On Wednesday of last week Intel debuted a fully customizable, 3D-printable robot at the Re/code Code Conference. Brian David Johnson created the “21st Century Robot” project. According to the project’s website, the project is the result of a varied collaboration of developers from the University of Southern California, the Franklin W. Olin College of Engineering, and Trossen Robotics.
During the conference, Jimmy the Research Robot accompanied Brian Krzanich, Intel’s CEO, as he walked across the stage. The white, two-foot-tall humanoid robot is powered by a low-cost processor and can be programmed to sing, dance and tweet. Consumers will be able to purchase the kit for approximately $1,600.
During the launch video, the developers talk about making robotics more social. To achieve this, the Intel-based robots will have the computing power to accomplish social interactions with people, such as speech and voice recognition. The robots will be constructed using the Intel Core i5 processor and will have features such as; USB 3.0, Bluetooth and WiFi.
However, Re/code notes that a robot with i5 processor may cost nearer to $16,000. Therefore customer models will run on Intel Edison, the new low-cost chip, which is used to power wearables and other products for the Internet of Things.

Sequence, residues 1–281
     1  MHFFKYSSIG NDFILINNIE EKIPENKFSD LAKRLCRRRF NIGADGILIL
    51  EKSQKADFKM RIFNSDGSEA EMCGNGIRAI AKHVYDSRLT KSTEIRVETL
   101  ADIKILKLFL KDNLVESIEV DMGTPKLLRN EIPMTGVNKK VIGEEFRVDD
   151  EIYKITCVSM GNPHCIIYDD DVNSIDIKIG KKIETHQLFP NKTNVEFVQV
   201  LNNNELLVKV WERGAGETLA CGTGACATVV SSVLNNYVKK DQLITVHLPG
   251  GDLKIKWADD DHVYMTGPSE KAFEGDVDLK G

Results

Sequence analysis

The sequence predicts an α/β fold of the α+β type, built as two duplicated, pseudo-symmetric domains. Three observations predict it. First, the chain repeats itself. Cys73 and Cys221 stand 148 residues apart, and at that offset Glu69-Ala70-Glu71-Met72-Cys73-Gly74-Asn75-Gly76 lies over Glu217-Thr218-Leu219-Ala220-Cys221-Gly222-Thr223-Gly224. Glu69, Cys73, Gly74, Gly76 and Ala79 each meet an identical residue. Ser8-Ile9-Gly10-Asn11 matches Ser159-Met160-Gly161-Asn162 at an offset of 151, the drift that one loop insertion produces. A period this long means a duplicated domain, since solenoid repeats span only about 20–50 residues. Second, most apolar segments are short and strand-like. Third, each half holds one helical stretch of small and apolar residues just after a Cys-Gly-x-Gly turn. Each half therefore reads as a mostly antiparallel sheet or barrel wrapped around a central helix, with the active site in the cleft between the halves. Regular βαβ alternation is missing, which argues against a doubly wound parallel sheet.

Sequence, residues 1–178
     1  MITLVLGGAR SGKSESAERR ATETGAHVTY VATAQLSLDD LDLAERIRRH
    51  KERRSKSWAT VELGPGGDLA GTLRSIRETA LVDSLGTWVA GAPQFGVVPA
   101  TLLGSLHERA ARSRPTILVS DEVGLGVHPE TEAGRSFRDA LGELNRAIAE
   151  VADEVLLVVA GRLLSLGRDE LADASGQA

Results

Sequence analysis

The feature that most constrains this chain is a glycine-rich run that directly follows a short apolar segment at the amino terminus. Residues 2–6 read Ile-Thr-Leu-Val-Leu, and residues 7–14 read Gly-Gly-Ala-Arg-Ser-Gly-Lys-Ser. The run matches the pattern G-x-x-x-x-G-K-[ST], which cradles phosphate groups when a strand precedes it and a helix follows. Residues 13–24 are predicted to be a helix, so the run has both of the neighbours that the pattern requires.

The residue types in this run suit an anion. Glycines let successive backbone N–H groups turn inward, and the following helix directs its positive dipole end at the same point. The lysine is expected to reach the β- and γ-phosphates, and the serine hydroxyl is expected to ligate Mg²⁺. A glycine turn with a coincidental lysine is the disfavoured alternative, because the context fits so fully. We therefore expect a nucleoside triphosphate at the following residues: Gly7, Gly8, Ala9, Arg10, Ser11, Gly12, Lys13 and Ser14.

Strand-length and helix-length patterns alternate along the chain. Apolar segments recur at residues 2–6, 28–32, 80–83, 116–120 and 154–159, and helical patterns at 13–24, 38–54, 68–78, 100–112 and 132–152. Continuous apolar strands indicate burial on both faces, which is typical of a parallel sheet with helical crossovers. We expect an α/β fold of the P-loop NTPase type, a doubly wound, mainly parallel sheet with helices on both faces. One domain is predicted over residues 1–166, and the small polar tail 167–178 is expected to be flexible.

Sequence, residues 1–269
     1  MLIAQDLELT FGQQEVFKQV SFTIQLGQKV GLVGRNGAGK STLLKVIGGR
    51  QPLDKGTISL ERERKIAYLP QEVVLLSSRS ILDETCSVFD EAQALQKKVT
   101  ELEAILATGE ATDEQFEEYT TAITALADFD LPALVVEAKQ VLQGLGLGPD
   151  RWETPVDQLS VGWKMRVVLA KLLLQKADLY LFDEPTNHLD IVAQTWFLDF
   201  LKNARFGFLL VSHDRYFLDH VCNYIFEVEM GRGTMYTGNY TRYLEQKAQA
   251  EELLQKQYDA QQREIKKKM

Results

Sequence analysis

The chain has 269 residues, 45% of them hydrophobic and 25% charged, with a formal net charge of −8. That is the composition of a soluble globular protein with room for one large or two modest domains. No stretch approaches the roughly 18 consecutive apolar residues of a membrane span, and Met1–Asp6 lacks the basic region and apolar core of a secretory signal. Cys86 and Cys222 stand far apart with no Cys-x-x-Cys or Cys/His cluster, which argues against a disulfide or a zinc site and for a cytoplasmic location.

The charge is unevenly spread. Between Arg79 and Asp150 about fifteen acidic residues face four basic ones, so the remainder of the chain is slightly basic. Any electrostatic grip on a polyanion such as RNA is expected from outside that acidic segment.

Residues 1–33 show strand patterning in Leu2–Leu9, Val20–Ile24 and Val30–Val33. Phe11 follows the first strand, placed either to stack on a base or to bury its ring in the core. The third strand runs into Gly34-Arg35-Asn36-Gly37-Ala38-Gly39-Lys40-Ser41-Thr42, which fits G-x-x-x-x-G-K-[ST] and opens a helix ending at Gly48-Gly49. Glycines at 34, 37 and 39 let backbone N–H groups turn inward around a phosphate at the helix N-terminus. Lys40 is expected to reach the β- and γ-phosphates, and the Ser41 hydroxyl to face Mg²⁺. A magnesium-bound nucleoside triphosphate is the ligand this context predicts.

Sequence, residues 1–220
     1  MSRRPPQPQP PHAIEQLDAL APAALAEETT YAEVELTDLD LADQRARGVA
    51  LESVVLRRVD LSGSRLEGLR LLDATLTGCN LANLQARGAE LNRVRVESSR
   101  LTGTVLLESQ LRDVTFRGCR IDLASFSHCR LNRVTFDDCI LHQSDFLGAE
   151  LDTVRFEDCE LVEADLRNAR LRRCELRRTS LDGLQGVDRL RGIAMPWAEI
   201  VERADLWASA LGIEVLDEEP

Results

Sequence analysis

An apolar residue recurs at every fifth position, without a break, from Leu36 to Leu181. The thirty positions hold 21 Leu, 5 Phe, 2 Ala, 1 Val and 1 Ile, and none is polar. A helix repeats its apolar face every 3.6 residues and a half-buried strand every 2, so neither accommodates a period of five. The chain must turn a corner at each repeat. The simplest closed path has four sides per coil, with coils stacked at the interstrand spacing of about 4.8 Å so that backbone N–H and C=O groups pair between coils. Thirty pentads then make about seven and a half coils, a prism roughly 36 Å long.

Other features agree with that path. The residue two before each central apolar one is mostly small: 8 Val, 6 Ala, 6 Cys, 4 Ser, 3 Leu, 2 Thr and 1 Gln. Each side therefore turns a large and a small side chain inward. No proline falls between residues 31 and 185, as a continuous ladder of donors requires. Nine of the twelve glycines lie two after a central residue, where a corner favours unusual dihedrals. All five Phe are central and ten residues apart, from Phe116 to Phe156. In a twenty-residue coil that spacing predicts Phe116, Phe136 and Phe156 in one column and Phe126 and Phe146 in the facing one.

The interesting thing about this robot is that the hardware designs will be made available through an open-source platform, thereby allowing anyone with access to a 3D printer to print basic components. According to Re/code, the essential parts that cannot be printed, like motors and wires or the battery and processor, will be made available to people in a kit that can be purchased on the project’s website.
The programming of the robot will also be open-sourced and Intel said developers would be able to make their own apps. Then consumers will be able to download whatever software they wanted for their robotic companion. Intel is pinning it’s hopes on a mass availability of robots, that will encourage lower prices for the kits, hopefully less than $1,000, over the coming years.
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